my life on the line by going to St. George’s the following day. Traveling out of the Green Zone always carried with it the possibility for injury or death. And worshipping with a Christian Community in Iraq was also cause for concern. Churches were being bombed and Christians murdered at church on Sunday by terrorists. The decision to go to Church in Iraq is not simply a matter of what one is to wear or a question of whether or not one feels likes going. It is a life-and-death decision that places one in a very precarious position. I would be traveling out of the Green Zone in Maher’s old Toyota.
We in the United States take for granted that the automobiles we see on the road are safe to be driven. Cars that are imported by individuals into the U.S. must meet government safety regulations. If one were to buy a car in Europe and then have it shipped to the United States, many upgrades would need to be made before it can be registered to be operated. This is not the case in Iraq. Not only was Maher’s car old, it was a wreck! The windshield had a number of cracks running lengthwise. The doors didn’t all open, and the lights didn’t work well at night. Lord knows what else was the matter with the car. It was certainly not a vehicle that one could trust on a long journey.
Maher would appear across the street from the palace in his car. I would hop in wearing civilian clothes, and he would drive me out one of the Green Zone gates to the church. Chaplains do not carry weapons, so I had no means of defending myself against armed attack. Moreover, by leaving the Green Zone with Maher unescorted by security or military personnel I was violating all force protection protocols. The thing I worried about the most in contemplating my weekly pilgrimage to St. George’s was not being killed. It was the possibility of being wounded or kidnapped and held for ransom. Had that happened, I would have been a world of trouble because I knowingly violated U.S. policy! After I arrived at St. George’s and greeted members of the congregation, the turmoil I experienced about going to church vanished. I was with a wonderful community of Christians who were dedicated to their faith and their Lord. Once I was caught up in the worship, all fears vanished, and I was pleased that I’d determined to lead worship for one more week. I do remember one Sunday, however, when Maher called to inform me that he would be unable to travel into the Green Zone. The gates had been locked down for security purposes in response to a recent attack. When I learned that I wouldn’t be traveling to church that day, I must admit that I was relieved.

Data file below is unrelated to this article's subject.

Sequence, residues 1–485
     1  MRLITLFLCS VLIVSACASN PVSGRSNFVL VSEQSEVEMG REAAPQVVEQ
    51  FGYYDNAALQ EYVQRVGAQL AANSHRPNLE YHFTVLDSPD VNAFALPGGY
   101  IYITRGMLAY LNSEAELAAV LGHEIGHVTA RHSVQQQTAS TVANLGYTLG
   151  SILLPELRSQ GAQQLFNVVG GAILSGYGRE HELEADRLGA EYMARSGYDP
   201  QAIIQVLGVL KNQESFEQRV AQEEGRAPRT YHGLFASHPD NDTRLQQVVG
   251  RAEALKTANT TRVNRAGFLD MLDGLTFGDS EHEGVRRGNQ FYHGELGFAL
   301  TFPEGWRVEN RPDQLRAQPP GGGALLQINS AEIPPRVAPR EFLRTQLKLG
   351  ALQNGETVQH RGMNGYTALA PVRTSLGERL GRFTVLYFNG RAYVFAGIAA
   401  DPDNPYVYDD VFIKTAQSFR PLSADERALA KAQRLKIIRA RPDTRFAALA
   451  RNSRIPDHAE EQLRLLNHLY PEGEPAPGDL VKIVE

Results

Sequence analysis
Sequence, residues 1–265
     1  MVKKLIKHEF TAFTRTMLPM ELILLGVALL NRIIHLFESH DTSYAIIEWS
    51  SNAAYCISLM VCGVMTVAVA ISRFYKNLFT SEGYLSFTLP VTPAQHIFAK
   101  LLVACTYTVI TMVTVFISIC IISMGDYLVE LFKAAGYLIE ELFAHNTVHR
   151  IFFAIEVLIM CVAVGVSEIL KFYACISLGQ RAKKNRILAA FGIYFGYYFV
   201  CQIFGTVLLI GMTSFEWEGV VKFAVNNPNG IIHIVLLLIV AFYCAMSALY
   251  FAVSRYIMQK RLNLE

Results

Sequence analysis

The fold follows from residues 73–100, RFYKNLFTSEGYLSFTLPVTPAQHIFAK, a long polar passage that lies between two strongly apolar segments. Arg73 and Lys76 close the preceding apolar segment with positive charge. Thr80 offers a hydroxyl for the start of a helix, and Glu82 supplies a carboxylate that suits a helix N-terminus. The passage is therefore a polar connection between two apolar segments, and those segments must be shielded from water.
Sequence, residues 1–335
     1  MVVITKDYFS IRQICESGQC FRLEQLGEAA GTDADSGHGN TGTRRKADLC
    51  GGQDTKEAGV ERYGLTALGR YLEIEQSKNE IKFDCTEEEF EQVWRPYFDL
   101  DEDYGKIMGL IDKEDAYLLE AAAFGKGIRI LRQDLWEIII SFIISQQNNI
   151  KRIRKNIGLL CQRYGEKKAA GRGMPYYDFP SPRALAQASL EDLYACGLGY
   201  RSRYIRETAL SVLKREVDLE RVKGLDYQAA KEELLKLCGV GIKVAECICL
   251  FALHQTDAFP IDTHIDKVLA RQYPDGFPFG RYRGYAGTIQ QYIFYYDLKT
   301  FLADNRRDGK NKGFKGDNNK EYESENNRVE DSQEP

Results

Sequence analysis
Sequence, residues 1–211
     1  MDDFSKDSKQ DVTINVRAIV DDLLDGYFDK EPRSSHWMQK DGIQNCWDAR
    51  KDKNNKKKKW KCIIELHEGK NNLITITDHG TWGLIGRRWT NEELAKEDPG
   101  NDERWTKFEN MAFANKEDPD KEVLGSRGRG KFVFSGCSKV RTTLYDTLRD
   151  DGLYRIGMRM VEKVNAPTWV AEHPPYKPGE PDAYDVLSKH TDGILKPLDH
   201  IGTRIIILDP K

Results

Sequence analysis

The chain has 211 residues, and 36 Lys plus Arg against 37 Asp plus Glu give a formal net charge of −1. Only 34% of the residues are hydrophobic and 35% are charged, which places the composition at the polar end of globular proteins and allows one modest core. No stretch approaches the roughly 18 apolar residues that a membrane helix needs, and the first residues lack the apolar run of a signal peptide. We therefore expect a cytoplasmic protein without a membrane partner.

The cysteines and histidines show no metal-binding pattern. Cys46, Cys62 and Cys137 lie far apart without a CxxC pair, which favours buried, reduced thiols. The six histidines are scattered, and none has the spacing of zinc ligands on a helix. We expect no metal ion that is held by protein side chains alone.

One Sunday following church, as I ate dinner with Maher, his wife, and his daughter and son, explosions erupted in the neighborhood around Maher’s house. We all went up on his roof to see what was going on and saw a number of fi res in homes on streets nearby. Later I was to learn that a terrorist had intended to attack the Green Zone with a dozen rockets. He was rather inept at his trade, and all the rockets landed in Maher’s neighborhood. What immediately dawned on me is that our security personnel at the entrances to the Green Zone would be on heightened alert. What if Maher’s old Toyota had bad brakes? What if we could not stop when ordered to by the Iraqi and American soldiers? I’d end up getting killed by my own folks! As it turned out, Maher’s car did halt at the checkpoint, and I was permitted to walk a mile and a half back to the palace.